Editorial by Miguel Syjuco, Winner of the 2008 Man Asian Literary Prize
MONTREAL: When news arrived this week that the Man Asian Literary Prize would no longer be accepting unpublished manuscripts, and instead only published novels, dismay broke out among writers. On blogs, newsgroups, email, and networking sites, the communal shock developed into debate. On one side, the door through which Asian writers could try to reach Western readers seemed suddenly shut and the MALP, as it is sometimes known, stood to lose the very thing that made it special. Some writers asked: “Why should we even finish our novels?” Others wondered: “Now that only publishers can submit to the prize, what about us anonymous unpublished authors?” On the other side of the debate, however, the changes seemed to hint at burgeoning opportunities on a greater scale that we writers seemed to miss.
My own puzzlement was profound. I was once an anonymous unpublished writer, toiling in long obscurity. Knowing the publishing industry and readership in the Philippines were not mature enough to fully support aspiring writers, I even left to hawk my wares in North America. But I found access there still limited, even to carpetbagging Asians like myself. Then came the Man Asian Literary Prize. When my novel Ilustrado won it in 2008, I experienced firsthand all that the opportunities a prize could give a writer.
Its promise glittered from its very beginning. When the MALP’s establishment was announced in 2007, older Filipino writers dusted off shelved manuscripts, younger upstarts started first novels, and a literati that had long shone with short stories and poetry suddenly saw the novel as a more viable form. In three years, the MALP seemed to become the Skype video conference call between Asian writers, Western publishers, and international readers. So their new changes seemed inexplicable. What about that untranslated writer working in Tagalog who has difficulty being published even in his home country? What about the unsupported or suppressed writers in Burma, Tibet, or Papua New Guinea? I wanted to start a petition. I wanted to write a piece critical of the changes.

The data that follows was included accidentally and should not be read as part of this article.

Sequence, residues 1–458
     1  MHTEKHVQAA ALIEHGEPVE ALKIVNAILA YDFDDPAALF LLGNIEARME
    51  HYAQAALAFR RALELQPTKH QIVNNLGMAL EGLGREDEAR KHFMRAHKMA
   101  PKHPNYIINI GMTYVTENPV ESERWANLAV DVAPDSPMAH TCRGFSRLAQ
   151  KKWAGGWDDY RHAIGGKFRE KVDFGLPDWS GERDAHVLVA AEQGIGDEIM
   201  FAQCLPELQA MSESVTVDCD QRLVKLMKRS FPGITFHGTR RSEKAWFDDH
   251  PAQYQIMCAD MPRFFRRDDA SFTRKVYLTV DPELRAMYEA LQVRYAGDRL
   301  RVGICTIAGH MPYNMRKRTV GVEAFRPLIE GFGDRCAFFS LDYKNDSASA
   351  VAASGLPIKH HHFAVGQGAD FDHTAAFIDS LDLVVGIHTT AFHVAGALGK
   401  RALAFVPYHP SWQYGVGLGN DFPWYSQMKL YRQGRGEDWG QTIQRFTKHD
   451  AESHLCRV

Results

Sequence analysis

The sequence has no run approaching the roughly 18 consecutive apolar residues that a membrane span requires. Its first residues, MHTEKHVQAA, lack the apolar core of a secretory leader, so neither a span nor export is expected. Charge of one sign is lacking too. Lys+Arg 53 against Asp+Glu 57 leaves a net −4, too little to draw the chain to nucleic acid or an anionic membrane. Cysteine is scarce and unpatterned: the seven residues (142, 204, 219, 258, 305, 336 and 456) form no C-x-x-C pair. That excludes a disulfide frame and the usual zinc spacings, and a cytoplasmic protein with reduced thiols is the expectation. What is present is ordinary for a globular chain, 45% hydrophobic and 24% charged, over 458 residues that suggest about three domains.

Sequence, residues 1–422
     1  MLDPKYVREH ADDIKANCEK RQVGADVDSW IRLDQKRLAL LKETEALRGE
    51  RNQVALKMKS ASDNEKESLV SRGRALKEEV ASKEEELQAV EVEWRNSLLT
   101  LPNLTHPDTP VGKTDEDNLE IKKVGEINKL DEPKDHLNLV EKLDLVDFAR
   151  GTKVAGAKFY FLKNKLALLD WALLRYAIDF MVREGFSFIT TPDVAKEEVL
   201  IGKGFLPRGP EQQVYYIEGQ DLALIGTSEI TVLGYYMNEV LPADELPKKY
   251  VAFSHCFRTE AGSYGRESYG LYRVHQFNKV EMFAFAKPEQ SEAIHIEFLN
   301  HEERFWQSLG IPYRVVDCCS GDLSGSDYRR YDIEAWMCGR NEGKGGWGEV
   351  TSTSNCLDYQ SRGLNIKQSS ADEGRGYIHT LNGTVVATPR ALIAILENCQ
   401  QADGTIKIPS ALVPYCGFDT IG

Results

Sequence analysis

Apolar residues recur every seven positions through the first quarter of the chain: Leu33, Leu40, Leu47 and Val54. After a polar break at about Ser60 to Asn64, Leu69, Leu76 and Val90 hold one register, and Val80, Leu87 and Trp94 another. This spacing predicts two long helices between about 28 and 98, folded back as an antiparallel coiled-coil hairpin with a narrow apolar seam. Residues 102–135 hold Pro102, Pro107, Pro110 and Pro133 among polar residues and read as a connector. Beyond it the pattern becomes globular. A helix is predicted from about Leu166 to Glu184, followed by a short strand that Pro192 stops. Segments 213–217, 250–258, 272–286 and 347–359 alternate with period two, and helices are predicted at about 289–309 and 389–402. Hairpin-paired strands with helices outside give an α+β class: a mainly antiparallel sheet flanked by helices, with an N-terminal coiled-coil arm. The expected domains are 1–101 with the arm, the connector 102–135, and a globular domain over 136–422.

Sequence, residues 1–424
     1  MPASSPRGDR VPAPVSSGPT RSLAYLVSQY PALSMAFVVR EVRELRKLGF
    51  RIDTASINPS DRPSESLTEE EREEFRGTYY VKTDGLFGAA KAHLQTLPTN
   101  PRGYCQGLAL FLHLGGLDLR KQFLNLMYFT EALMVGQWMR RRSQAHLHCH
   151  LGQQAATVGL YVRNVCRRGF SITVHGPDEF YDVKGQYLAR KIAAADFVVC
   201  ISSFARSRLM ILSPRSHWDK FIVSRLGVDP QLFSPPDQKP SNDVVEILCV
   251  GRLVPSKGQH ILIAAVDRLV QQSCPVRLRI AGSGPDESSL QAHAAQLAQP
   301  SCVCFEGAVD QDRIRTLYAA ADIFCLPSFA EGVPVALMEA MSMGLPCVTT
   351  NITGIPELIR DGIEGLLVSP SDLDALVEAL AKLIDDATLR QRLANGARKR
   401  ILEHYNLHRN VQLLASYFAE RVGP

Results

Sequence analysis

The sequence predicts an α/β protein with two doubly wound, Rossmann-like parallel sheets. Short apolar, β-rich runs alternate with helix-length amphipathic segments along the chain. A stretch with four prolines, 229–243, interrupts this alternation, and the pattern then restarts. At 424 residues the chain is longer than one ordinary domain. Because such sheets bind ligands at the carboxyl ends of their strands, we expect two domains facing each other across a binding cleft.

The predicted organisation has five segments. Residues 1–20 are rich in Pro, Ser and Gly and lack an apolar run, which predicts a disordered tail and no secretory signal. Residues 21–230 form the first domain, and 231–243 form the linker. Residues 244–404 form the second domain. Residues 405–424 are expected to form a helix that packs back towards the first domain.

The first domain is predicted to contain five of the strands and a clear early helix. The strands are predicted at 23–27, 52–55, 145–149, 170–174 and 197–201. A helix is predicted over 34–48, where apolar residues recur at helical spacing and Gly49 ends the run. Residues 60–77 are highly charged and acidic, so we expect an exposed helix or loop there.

But that was the knee jerk reaction of a writer who spends too much time bent over a desk. After asking around and thinking about the bigger picture, I thanked my stars that I don’t have the immediacy of a blog, and admitted that I cannot begin to know the exigencies and challenges of running a major international prize. One can only imagine how involved it must be to read through hundreds of unedited manuscripts from across Asia. And knowing how some of my countrymen had proudly written novels in a rushed handful of months, one can only imagine the discombobulating variations in quality of the submissions. (Perhaps it is not a surprise that Jiang Rong and Su Tong, both writers whose novels had already gone through the painstaking process preceding publication, won the Prize in the years before and after I did.) Although ecstatic that after three years of work the manuscript of my own novel was finally plucked from obscurity by the Prize, it had always struck me as unfortunate that the long- and short-listed works were unavailable to be read by the public.